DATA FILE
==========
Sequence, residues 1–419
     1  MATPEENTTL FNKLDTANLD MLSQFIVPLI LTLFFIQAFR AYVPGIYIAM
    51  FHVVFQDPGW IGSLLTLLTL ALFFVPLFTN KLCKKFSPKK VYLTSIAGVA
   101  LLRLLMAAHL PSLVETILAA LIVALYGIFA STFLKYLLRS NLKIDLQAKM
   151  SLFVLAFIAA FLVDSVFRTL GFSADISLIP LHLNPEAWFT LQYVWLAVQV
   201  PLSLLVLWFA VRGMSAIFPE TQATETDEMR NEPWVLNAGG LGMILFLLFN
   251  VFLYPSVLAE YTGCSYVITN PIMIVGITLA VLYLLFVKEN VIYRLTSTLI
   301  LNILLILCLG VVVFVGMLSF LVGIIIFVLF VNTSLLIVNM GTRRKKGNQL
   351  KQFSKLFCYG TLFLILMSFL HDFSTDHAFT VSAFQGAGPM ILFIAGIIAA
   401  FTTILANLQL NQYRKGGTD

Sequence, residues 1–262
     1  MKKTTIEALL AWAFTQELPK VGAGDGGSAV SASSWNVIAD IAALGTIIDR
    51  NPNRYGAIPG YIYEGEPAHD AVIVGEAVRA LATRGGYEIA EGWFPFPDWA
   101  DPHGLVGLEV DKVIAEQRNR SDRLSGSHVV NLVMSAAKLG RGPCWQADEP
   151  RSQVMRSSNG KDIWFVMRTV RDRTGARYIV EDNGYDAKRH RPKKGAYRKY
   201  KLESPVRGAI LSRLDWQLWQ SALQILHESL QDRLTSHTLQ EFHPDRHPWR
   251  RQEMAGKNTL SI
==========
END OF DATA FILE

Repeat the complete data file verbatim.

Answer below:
Sequence, residues 1–419
     1  MATPEENTTL FNKLDTANLD MLSQFIVPLI LTLFFIQAFR AYVPGIYIAM
    51  FHVVFQDPGW IGSLLTLLTL ALFFVPLFTN KLCKKFSPKK VYLTSIAGVA
   101  LLRLLMAAHL PSLVETILAA LIVALYGIFA STFLKYLLRS NLKIDLQAKM
   151  SLFVLAFIAA FLVDSVFRTL GFSADISLIP LHLNPEAWFT LQYVWLAVQV
   201  PLSLLVLWFA VRGMSAIFPE TQATETDEMR NEPWVLNAGG LGMILFLLFN
   251  VFLYPSVLAE YTGCSYVITN PIMIVGITLA VLYLLFVKEN VIYRLTSTLI
   301  LNILLILCLG VVVFVGMLSF LVGIIIFVLF VNTSLLIVNM GTRRKKGNQL
   351  KQFSKLFCYG TLFLILMSFL HDFSTDHAFT VSAFQGAGPM ILFIAGIIAA
   401  FTTILANLQL NQYRKGGTD

Sequence, residues 1–262
     1  MKKTTIEALL AWAFTQELPK VGAGDGGSAV SASSWNVIAD IAALGTIIDR
    51  NPNRYGAIPG YIYEGEPAHD AVIVGEAVRA LATRGGYEIA EGWFPFPDWA
   101  DPHGLVGLEV DKVIAEQRNR SDRLSGSHVV NLVMSAAKLG RGPCWQADEP
   151  RSQVMRSSNG KDIWFVMRTV RDRTGARYIV EDNGYDAKRH RPKKGAYRKY
   201  KLESPVRGAI LSRLDWQLWQ SALQILHESL QDRLTSHTLQ EFHPDRHPWR
   251  RQEMAGKNTL SI